OK, spoiler in the next paragraph, so stop reading here if you don’t want to know what happens.
The book is in two parts; even though both parts relate episodes from Frisbie’s life in the Cook Islands, they’re really more like two loosely connected novellas than halves of the same story. The first part is a very light-hearted and satirical tale of his time as a young man on Pukapuka and his courtship of the girl he calls Desire. The prose is careful and eloquent, his insights often keen and witty (albeit fairly racist and condescending by modern standards–perhaps not as bad as one might expect from a book written eighty years ago, but still cringe-inducing at times). The second part of the book describes surviving a hurricane with his children on the uninhabited atoll of Suvarrow. But the second part is lacking the ease and wit of the first, and the reason seems apparent: in between these two halves, acting as a sort of fulcrum on which the whole narrative turns, is the death of Desire.
She died of tuberculosis, which she most likely contracted from Frisbie himself. He was only diagnosed years later, so it seems likely he didn’t know or hold himself responsible for her death. Nevertheless, her loss seems to have broken him in some profound and irreparable way. Though he tries to deploy the same wry humor to narrate his adventures on Suvarrow that he used to skewer the inhabitants of Pukapuka, there is a sadness, a sort of secret heaviness, to his writing that keeps it from attaining the same careless buoyancy as the first half of the book. When he turns up later in other people’s books–as a minor character in Doctor to the Islands and as the main focus of his daughter’s memoir, The Frisbies of the South Seas–the portrait that emerges is of a haunted, restless man, a frustrated writer desperate for greatness and recognition that continually elude him. It is hard not to contrast this sickly shell with the happy and confident narrator of the first half of The Island of Desire, and hard not to attribute this dramatic change to the major loss that occurs between the two portrayals.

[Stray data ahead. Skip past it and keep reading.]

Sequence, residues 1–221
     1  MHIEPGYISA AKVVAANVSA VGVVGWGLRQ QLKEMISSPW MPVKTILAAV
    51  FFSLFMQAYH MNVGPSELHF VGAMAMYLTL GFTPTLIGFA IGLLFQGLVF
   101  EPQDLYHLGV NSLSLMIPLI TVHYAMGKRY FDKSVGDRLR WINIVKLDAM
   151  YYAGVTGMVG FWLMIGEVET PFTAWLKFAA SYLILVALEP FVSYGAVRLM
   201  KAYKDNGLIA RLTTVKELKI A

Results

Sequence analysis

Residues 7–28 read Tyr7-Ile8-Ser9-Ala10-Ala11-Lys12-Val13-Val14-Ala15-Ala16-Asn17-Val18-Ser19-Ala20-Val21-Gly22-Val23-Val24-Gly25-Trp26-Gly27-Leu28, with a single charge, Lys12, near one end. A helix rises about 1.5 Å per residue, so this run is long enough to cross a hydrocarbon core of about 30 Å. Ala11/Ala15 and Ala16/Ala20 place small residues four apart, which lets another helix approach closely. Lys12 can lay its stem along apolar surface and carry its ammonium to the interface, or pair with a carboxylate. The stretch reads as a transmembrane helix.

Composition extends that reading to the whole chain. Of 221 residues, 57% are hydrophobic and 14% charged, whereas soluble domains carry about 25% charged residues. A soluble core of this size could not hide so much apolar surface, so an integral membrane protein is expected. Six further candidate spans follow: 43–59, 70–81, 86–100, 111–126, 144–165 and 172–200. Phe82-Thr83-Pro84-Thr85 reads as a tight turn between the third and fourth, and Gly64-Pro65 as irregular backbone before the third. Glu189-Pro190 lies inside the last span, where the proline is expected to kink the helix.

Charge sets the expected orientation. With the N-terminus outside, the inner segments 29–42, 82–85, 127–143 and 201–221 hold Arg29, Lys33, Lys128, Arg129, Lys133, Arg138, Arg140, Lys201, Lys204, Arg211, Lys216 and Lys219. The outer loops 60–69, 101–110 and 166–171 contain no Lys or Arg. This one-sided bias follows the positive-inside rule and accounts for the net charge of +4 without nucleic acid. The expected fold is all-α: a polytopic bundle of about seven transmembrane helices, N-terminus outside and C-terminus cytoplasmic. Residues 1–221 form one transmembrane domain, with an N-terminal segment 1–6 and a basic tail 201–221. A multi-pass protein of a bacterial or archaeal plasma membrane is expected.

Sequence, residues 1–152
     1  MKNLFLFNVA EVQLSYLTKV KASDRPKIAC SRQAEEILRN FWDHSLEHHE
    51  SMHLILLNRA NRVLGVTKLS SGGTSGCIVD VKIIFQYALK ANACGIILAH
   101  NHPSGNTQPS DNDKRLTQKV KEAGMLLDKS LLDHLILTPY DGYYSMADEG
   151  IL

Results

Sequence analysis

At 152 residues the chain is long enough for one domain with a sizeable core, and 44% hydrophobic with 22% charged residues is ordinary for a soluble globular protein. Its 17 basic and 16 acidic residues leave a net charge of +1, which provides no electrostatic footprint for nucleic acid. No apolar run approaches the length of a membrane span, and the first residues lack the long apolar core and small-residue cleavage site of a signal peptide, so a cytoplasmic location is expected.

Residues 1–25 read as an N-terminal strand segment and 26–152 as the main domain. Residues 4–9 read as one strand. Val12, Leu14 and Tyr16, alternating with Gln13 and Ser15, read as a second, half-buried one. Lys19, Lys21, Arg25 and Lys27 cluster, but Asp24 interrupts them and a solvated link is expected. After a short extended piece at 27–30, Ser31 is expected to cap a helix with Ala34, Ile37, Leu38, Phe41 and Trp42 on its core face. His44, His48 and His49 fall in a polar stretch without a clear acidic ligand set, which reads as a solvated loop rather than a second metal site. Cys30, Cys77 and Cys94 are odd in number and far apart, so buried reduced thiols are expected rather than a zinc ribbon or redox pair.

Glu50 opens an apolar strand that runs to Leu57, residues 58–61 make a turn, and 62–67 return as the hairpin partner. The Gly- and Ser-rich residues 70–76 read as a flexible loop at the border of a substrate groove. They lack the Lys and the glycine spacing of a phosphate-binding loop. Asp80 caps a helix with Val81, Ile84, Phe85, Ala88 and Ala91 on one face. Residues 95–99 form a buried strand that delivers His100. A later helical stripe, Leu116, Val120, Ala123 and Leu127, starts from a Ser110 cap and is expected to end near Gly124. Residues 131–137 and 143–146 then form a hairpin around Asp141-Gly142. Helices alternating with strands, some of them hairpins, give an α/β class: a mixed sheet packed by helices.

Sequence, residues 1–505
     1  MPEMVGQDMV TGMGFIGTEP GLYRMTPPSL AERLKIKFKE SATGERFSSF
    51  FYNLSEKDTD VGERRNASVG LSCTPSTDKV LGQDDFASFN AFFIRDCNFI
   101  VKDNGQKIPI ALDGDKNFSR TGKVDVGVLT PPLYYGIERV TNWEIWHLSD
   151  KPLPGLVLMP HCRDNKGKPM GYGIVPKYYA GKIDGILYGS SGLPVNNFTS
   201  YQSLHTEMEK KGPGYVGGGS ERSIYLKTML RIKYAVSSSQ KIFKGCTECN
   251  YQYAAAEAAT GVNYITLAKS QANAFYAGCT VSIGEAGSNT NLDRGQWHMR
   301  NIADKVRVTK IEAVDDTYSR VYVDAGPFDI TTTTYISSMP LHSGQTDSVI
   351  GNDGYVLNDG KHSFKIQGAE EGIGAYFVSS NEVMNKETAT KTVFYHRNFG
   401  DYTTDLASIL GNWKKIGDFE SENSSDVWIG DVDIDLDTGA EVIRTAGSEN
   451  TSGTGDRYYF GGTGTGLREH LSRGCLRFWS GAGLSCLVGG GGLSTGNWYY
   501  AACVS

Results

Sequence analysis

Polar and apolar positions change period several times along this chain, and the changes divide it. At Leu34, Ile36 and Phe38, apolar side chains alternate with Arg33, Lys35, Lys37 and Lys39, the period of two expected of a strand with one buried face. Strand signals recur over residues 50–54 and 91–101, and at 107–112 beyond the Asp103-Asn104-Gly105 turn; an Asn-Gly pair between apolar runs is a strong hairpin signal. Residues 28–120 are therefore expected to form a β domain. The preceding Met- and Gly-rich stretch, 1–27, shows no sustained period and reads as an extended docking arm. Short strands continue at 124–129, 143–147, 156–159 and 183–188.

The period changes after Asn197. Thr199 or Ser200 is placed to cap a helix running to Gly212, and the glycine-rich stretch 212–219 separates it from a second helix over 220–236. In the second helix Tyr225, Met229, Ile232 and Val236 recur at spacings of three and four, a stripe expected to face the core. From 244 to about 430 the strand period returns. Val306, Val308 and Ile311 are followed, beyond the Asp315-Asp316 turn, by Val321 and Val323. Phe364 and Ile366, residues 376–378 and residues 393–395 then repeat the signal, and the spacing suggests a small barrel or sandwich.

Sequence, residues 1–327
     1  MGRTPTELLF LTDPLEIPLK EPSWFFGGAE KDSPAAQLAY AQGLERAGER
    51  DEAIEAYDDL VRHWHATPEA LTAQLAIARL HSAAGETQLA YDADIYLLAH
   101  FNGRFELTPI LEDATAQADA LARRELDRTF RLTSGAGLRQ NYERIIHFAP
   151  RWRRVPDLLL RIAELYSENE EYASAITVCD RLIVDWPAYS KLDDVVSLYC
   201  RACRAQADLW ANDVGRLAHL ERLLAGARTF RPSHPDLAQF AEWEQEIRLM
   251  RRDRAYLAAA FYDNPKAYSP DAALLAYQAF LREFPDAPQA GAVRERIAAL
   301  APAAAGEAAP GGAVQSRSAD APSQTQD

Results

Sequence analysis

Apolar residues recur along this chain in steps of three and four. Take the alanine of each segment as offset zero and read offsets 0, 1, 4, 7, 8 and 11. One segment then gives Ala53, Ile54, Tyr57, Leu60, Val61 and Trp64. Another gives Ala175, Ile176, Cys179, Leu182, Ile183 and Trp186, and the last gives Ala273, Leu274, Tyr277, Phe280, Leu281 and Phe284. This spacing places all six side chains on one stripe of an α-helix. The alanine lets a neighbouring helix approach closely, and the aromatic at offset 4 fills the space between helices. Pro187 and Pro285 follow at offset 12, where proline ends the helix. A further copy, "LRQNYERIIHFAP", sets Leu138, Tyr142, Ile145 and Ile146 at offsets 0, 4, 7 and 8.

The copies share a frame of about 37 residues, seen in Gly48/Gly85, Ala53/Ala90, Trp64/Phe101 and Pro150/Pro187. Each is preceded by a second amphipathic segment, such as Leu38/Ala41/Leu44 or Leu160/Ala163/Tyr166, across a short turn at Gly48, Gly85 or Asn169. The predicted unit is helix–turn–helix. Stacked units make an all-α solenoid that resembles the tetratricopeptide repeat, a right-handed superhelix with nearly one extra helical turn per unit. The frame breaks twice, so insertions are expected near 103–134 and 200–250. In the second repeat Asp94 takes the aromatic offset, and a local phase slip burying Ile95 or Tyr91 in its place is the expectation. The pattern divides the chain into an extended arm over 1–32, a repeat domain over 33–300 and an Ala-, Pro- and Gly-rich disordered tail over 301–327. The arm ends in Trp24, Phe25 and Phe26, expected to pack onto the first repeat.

If he could have recognized the impact of this loss, engaged with it, been braver in writing about it, the book might have come out better. As it is, in some ways this seems like a book without a heart. Desire should be its heart, but Frisbie never allows us to know her well enough for her to really fulfill that role. While all his other acquaintances are caricatured and captured with humorous exactitude, Desire is a vague, sweet blank. I was tempted at first to put this down to Frisbie not really knowing her himself (she was, after all, sixteen to his early-thirties when they married, and a member of a race and culture that he described as “primitive” and childlike). But I got the feeling–from the brief glimpses we get of her independence and spunk, from their surprisingly egalitarian interactions, from his total devastation at her loss–that it was Frisbie’s attachment to her that prevented him from describing her more fully. He couldn’t bear to turn her into a caricature, and so she is barely even a character.
This limitation, this self-consciousness, is I think why this book is not more successful as a piece of literature. Frisbie is concerned at all times with being a Writer (and a Great Writer at that), and it imposes a certain distance between himself and his subjects that also serves to keep the reader at arm’s length. The prose can be too careful, too precise, slowing the pace of the story and inhibiting the reader from being fully engaged with the story. Even though the events of his life seems thrilling at face value, he is unable to perform the essential alchemy of transmuting that excitement to the page, of making the story realer than life, of enabling the reader to share in his adventures as he lived them. He seems to have been throttled by an inner critic that he was unable to silence long enough to write freely. His constant awareness of himself as a writer and his driving desire to attain greatness, are, ironically, the things that prevented him from ever being really great.